Research Series (Economic Policy Research Centre) ISSN 2411-4499

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Uganda’s progress towards achieving inclusive sustainable growth is curtailed by large deficits in infrastructure stock, particularly in the transport and energy sectors. This study explores options for financing the scaling up of infrastructure development in Uganda.

This paper aims to establish whether the protection given to the list of sensitive products since 2005 has increased the regional capacity of the East African Community (EAC) to produce, reduced the importation of the same products from the rest of the world, increased intra-EAC trade, and/or improved welfare.

This paper examines the determinants of price differentials across 79 districts in Uganda. It identifies the main production areas for key agricultural commodities and consumption destinations.

This paper provides a micro perspective on the impact that mobile money services have on an individual’s saving behavior using 2013 Uganda FinScope data. 
Socio-Economic Effects of Gambling: Evidence from Kampala City Uganda

The paper explores the socio-economic implications of the gambling industry on welfare and the economy, level of participation and adequacy and effectiveness of the regulatory framework in Kampala City.

Tax Revenue Effects of Sectoral Growth and Public Expenditure in Uganda

This paper contributes to a growing strand of literature on the determinants of tax revenue performance in developing countries, particularly in Sub-Saharan Africa. More specifically it estimates the tax elasticities of sectoral output growth and public expenditure.

The Challenges of Macroeconomic Management of Natural Resource Revenues in Developing Countries: The Case of Uganda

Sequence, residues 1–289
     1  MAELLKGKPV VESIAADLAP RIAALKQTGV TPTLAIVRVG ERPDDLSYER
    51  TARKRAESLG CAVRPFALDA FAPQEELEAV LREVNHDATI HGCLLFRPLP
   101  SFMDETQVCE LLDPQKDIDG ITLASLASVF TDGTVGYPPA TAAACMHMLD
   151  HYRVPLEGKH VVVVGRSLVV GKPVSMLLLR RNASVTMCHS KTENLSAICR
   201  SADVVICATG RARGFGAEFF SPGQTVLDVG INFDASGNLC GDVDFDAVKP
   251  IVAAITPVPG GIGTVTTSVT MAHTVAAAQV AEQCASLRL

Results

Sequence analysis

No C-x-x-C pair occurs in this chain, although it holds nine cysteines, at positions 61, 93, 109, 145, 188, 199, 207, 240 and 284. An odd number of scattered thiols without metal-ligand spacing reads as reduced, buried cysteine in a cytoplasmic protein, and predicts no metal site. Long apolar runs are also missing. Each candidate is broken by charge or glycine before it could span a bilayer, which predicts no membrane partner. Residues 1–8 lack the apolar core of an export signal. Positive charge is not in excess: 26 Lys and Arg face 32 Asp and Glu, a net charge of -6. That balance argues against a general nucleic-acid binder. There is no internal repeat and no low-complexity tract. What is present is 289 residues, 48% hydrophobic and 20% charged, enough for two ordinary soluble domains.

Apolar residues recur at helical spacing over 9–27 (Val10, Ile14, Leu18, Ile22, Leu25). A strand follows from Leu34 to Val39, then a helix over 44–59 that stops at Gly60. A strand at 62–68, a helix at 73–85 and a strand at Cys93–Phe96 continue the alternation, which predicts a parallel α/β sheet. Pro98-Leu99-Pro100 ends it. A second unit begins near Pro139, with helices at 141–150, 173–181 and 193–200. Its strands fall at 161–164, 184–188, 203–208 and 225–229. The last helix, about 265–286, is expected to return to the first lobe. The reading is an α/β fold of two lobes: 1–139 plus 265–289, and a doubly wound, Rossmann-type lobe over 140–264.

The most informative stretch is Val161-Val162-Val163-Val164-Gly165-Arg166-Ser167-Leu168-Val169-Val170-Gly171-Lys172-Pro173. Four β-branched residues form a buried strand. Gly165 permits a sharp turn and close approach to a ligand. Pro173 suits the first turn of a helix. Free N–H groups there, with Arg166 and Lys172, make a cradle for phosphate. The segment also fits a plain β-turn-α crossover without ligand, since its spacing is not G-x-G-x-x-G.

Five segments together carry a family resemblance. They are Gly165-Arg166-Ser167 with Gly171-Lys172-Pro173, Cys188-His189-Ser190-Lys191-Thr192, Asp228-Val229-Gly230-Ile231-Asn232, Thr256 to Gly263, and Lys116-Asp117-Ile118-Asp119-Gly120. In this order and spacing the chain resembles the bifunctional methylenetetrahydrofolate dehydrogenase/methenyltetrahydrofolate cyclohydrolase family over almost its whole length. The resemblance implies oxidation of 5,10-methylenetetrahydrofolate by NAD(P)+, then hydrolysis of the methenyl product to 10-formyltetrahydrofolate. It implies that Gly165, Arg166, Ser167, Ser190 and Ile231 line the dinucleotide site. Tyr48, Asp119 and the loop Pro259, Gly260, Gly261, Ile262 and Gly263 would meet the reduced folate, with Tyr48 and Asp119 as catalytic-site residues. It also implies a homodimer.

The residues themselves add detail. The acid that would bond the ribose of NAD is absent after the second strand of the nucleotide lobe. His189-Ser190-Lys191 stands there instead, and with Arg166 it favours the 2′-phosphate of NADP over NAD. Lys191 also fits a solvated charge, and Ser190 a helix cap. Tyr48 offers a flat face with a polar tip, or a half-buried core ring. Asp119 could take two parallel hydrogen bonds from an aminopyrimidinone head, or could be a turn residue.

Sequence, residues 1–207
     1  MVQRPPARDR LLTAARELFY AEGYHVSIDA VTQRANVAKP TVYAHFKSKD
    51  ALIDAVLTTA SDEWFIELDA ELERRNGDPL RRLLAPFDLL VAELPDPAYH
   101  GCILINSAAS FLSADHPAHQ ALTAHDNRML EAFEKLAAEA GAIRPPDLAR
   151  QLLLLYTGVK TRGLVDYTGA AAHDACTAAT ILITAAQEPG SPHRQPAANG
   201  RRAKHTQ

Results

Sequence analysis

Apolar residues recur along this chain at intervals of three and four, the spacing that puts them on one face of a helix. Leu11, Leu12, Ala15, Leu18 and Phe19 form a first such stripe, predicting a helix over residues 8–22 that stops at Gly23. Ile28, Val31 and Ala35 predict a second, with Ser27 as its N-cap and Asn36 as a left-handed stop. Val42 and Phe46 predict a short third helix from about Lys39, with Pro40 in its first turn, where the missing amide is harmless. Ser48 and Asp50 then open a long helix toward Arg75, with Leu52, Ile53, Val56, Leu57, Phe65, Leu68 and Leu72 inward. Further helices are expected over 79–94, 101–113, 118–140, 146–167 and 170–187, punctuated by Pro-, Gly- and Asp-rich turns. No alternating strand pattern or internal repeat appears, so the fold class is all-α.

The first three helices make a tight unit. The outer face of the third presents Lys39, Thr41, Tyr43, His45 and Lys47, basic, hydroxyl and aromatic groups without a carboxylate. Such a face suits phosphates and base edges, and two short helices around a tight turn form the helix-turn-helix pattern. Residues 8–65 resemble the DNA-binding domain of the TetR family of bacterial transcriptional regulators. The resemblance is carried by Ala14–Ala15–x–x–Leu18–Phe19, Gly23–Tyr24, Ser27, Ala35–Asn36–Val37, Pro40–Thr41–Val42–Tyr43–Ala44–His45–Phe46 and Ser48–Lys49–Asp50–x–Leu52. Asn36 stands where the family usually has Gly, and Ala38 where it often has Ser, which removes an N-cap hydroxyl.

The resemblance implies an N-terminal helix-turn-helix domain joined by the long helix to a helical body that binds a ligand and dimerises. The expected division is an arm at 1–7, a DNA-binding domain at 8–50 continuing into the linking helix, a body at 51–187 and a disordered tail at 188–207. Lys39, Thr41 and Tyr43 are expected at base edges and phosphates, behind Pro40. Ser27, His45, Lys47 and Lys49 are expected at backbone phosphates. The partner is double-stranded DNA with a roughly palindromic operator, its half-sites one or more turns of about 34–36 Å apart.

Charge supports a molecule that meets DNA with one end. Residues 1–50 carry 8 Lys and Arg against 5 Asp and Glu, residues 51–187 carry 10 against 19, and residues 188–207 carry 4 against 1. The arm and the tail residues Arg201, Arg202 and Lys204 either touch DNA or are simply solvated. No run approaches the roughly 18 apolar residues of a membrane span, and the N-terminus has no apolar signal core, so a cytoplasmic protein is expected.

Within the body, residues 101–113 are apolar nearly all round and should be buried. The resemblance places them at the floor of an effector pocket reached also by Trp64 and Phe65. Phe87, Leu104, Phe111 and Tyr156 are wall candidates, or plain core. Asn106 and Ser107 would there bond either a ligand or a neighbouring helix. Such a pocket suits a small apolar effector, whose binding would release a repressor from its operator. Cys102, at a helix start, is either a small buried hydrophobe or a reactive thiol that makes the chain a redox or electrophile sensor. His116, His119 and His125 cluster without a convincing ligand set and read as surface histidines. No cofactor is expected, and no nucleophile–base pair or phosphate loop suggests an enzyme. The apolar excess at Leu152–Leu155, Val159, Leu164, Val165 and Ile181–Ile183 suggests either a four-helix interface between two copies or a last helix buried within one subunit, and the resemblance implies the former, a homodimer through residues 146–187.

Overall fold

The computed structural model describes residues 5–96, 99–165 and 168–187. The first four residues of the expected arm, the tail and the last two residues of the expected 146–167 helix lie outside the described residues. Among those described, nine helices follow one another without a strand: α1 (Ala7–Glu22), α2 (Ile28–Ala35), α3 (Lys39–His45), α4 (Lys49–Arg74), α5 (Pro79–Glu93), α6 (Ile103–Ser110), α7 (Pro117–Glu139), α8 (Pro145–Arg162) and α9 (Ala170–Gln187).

The paper focuses on oil discoveries in Uganda and their expected impact on government revenues. The authors used a calibrated dynamic, stochastic, general equilibrium model (DSGE) to analyze alternative spending policies of natural resource revenues.

The paper provides insights on the tax-benefit implications of the FY2014/15 tax proposals as well as the 2012/13 income tax reform. 

Youth unemployment continues to be a developmental challenge not only in Uganda but in several sub Saharan countries. At least 64 percent of the total unemployed persons are youth aged 18-30 years. As the government struggles to look for solutions to the unemployment challenge, one approach has been the promotion of self-employment through the establishment of National Youth Funds. Specifically, the Youth Venture Capital Fund (UYVCF) worth UGX 25bn (about US$ 10 million) was introduced in 2011 and more recently, in September 2013, government significantly boosted youth schemes by allocating UGX 265 billion (about US$ 100 million) to the Youth Livelihood Programme (YLP) over a five-year period.

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